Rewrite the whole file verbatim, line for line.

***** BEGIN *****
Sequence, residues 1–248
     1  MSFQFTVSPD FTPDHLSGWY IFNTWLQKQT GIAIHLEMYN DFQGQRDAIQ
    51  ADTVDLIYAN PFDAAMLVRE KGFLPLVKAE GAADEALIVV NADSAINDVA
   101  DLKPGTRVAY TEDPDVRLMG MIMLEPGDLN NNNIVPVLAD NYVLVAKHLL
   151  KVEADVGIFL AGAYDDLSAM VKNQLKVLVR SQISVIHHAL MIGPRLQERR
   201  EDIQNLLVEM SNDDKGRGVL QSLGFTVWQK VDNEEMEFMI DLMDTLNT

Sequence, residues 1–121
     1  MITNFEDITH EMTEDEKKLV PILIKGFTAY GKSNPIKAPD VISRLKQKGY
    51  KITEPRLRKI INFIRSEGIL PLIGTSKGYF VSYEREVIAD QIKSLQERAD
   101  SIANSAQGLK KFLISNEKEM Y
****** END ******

Sequence, residues 1–248
     1  MSFQFTVSPD FTPDHLSGWY IFNTWLQKQT GIAIHLEMYN DFQGQRDAIQ
    51  ADTVDLIYAN PFDAAMLVRE KGFLPLVKAE GAADEALIVV NADSAINDVA
   101  DLKPGTRVAY TEDPDVRLMG MIMLEPGDLN NNNIVPVLAD NYVLVAKHLL
   151  KVEADVGIFL AGAYDDLSAM VKNQLKVLVR SQISVIHHAL MIGPRLQERR
   201  EDIQNLLVEM SNDDKGRGVL QSLGFTVWQK VDNEEMEFMI DLMDTLNT

Sequence, residues 1–121
     1  MITNFEDITH EMTEDEKKLV PILIKGFTAY GKSNPIKAPD VISRLKQKGY
    51  KITEPRLRKI INFIRSEGIL PLIGTSKGYF VSYEREVIAD QIKSLQERAD
   101  SIANSAQGLK KFLISNEKEM Y